The Chinese People’s Liberation Army Navy’s (PLAN) first locally designed and built aircraft carrier returned from its fourth set of trials in the Yellow Sea to the Dalian Shipbuilding Industry Company (DSIC) shipyard.
The vessel, which is yet to be officially named, is believed to have carried out a number of advanced tests during the latest trial, including flyover tests and touchdowns on deck, and could be delivered by Chinese Navy Day on 23 April, according to Beijing-based military expert Li Jie.
“The engineers have gained experience after working on the Liaoning – such as what are the key issues or weaknesses the tests should focus on, and which areas are less likely to be problems,” Li said.
“So that means the testing on this vessel will move faster than for the Liaoning, it will take less time.”
The Type 002 is based on the Liaoning, which is China's only operational aircraft carrier for the time being.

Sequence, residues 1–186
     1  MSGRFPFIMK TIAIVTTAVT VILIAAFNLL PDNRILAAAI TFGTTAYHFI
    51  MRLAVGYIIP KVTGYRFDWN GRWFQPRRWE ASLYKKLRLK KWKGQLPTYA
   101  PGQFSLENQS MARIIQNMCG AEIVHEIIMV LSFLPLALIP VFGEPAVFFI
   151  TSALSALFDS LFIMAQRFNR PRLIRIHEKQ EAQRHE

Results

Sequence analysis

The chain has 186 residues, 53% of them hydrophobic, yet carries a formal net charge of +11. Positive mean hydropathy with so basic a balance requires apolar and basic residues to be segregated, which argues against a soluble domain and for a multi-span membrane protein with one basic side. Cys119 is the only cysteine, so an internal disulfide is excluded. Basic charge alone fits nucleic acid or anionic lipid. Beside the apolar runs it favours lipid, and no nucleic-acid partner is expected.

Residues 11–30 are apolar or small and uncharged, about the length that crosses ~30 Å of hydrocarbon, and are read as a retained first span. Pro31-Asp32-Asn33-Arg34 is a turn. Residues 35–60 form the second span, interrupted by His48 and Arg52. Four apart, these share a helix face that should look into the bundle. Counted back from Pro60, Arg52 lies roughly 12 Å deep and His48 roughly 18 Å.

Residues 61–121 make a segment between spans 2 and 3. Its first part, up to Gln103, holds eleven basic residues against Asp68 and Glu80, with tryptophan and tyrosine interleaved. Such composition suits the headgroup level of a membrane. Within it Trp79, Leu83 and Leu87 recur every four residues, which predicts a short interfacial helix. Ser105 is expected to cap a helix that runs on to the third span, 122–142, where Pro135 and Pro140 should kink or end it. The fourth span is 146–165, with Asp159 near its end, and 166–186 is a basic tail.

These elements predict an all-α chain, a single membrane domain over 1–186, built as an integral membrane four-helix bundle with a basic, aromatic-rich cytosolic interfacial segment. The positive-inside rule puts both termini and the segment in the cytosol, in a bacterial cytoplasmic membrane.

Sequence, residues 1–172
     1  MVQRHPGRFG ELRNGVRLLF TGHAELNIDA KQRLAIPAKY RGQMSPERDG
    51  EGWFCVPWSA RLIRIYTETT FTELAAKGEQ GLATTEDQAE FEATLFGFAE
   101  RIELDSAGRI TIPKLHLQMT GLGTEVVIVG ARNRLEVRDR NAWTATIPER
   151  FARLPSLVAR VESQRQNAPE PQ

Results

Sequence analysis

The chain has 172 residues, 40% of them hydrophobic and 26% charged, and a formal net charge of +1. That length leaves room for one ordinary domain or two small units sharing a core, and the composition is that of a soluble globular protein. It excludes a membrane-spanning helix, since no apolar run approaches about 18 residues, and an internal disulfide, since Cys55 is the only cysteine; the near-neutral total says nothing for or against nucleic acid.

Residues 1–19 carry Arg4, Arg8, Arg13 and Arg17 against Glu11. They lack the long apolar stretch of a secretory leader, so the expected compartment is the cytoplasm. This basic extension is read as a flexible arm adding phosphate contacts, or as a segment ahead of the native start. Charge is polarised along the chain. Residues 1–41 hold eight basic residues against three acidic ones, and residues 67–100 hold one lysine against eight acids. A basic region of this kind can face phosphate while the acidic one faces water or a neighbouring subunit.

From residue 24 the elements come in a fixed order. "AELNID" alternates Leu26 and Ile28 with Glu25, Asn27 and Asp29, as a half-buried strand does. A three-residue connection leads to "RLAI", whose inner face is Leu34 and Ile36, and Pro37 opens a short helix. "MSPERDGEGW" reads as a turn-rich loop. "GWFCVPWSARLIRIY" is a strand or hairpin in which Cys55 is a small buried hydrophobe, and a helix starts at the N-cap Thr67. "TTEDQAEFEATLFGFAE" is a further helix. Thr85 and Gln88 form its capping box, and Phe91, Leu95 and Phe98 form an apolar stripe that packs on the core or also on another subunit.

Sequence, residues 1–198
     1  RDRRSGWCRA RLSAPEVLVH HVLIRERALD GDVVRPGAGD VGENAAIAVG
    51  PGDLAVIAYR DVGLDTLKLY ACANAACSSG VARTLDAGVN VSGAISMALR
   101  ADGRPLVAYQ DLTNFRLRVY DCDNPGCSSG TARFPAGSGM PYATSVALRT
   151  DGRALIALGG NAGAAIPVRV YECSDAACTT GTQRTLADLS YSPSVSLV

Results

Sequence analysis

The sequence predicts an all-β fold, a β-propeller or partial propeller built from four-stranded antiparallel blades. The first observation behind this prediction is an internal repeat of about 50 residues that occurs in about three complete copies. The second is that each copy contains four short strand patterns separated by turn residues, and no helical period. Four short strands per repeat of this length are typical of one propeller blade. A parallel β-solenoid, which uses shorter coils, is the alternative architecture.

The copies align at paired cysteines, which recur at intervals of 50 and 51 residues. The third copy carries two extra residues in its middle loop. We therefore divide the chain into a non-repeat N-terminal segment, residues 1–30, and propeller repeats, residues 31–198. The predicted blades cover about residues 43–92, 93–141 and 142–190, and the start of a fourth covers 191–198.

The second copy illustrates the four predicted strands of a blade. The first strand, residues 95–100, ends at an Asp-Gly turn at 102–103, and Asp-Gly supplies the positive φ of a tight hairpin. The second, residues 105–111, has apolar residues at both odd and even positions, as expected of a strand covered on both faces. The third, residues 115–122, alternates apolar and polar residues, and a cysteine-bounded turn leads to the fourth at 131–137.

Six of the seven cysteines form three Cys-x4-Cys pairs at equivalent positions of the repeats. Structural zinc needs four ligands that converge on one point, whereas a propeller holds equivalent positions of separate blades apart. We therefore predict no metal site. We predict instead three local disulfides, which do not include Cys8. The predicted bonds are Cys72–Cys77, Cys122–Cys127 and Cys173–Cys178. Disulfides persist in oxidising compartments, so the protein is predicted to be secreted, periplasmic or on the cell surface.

China bought the Kuznetsov Class carrier in 1998 when the vessel was half built, and began refitting the warship in 2005.
The Liaoning was commissioned in 2012, with the Type 002 featuring a number of changes despite drawing inspiration from the carrier.
The Chinese-designed and built carrier will be able to carry 32 J-15 fighter jets, six more than the Liaoning is able to transport.
The Type 002 also features a bigger aircraft hangar and an updated design for the control tower and bridge, as well as more up-to-date radar and electronic systems.
Previous sea trials for the vessel (expected to be named Shandong) took place in May, August and October 2018.
The first round of trials was used to test the "reliability of the flattop's power and propulsion systems".
China's rapid expansion of naval capabilities comes as tensions continue to rise in the South China Sea, with Beijing keen to flex its authoritative muscle in the area.
Last week, China deployed D-26 missiles to its north-west region, in response to what it claims was a "trespass" by US warship USS McCampbell in the Taiwan Strait and Paracel Islands, and China's Rear Admiral Lou Yuan has been quoted as saying the disputes over the region could be solved by "sinking" two US aircraft carrier.